The term catheter is used in the scope of this invention not only for the part that is implanted in the body but rather the term catheter should also encompass the fluid connections and other connected parts that belong to such a part. In the simplest case the catheter can be composed of a thin hollow needle or a tubing one end of which is inserted into the body and from the other end of which, the outlet opening, a body fluid flows out. Tubing or such like can be coupled to such a catheter so that as a result the outlet opening is shifted to the corresponding end of the tubing. The structure and function of suitable or preferred catheters is described in more detail in conjunction with the figures. It may be advantageous to use a so-called applicator device to insert the implantable region of the catheter into the body. In this manner it is also possible to construct the implantable region with a very small diameter down to e.g. 100 μm. Even materials like steel are flexible in this thickness range. If an applicator device were not used, flexible constructions would have been eliminated for practical reasons due to the impossibility of introducing them into the body. Suitable applicator devices for flexible and also for rigid arrangements are known in the prior art. U.S. Pat. No. 3,651,807; EP A 0 366 336; WO 95/20991 and WO 97/14468 are herewith referred to as examples where suitable applicator devices are described.
 An additional feature of the invention is the use of two or more analytical zones which undergo a detectable change after contact with the fluid taken from the outlet opening. Diverse forms of suitable analytical zones are known from the field of disposable test elements. Analytical zones which undergo an optically detectable change are particularly preferred in the scope of the invention for reasons which will be described in more detail. An embodiment of the analytical detection zone that is particularly preferred within the scope of the invention is described in U.S. Pat. No. 6,029,919. With regard to the layers of the test element it is of course also possible to use less complex test elements. Electrochemical test elements can also be used for the invention. Electrochemical test elements such as those described in U.S. Pat. No. 5,288,636 are advantageous compared to measuring cells that operate continuously like those used in the field of ultrafiltration and microdialysis since the drift problem is eliminated.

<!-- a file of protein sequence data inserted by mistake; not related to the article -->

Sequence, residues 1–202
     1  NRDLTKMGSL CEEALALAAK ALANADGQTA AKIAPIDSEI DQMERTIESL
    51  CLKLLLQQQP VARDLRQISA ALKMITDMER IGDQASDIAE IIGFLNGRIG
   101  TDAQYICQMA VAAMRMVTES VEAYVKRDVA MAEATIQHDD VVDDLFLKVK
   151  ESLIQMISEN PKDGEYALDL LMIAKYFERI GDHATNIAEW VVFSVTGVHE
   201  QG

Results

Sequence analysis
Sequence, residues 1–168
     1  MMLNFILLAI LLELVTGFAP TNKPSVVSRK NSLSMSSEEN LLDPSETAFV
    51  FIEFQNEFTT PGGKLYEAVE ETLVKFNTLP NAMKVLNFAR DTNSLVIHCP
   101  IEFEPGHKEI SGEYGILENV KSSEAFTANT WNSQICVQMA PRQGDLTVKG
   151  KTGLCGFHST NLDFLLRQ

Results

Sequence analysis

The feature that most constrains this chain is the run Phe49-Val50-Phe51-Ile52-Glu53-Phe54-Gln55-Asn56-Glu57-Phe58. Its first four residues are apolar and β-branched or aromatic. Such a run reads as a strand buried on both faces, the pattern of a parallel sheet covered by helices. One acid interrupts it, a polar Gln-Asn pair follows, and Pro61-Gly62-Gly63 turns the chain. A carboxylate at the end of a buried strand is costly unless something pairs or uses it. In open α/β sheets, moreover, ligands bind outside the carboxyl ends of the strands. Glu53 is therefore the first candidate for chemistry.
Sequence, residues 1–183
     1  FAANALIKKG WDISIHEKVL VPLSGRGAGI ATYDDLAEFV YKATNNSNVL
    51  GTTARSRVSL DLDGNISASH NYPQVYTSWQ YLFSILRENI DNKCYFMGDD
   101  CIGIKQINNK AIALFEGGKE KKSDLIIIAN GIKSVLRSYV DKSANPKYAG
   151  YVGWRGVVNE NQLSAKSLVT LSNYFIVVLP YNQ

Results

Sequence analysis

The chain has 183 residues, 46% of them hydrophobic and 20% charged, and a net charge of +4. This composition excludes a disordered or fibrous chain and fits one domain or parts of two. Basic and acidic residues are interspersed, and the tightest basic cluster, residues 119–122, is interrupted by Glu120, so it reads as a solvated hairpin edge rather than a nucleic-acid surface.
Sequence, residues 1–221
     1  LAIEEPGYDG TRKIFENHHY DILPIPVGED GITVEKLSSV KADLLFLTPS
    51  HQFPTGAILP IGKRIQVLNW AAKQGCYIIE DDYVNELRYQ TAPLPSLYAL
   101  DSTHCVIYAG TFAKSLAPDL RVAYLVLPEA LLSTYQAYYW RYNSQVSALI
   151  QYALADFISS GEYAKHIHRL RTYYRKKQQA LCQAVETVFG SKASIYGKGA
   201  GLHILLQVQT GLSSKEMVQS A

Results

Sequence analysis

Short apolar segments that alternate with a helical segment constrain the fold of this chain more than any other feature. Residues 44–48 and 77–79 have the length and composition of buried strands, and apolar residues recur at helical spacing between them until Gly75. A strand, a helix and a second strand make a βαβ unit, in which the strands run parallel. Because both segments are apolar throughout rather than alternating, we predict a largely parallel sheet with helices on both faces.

The use of the term “analytical zone” in contrast to “test element” makes it clear that the analytical zones do nft necessarily have to be elements that are separated from one another but that the test zones can indeed be disposed on the same body (test element). In a particularly preferred embodiment of the system according to the invention a tape is used in which the test chemistry is arranged in a band shape and adjacent regions of the tape can be contacted with fluid emerging from the catheter. This also makes it clear that the term analytical zone is not limited to embodiments in which the analytical zones are predefined but that embodiments are particularly advantageous in which the respective analytical zone is not defined until contact with the fluid. As a result positioning problems can be largely circumvented. On the other hand it is, however, also possible to use test elements which are separated from one another, each of which provides one or several analytical zones. As already elucidated it is preferred that disposable embodiments are used for the analytical zones in which an analytical zone that has been used once is not used again. As already eluded to, the analytical zones of the present invention exhibit no drift like that which occurs in the case of flow measuring cells. This is due to the fact that an unused analytical zone is employed and the properties of the analytical zones can be adequately controlled by the manufacturing process as is well-known in the prior art. As a result it is also possible to determine the manufacturing tolerances of the analytical zones at the factory and to store these for example in the form of a bar code in order to increase the accuracy of the analysis by taking into account these variations in the analytical process.
 An important aspect of the present invention is a sequential application of liquid onto test Zones in order to contact the test zones with liquid from the catheter. This can be achieved especially by bringing together various analytical zones with the outlet opening of the catheter in order to contact the analytical zones with fluid. Bringing together in this sense primarily means moving the analytical zones to the outlet opening so that they can take up fluid there. If, however, the outlet openings are located on a flexible tube it is possible to guide the outlet opening to an analytical zone for the contacting. The term “bringing together” is also intended to encompass processes in which analytical zones for example in the form of a tape, are conveyed past the outlet opening, (while being in contact with the outlet opening or in direct proximity) in order to apply liquid to the analytical zones.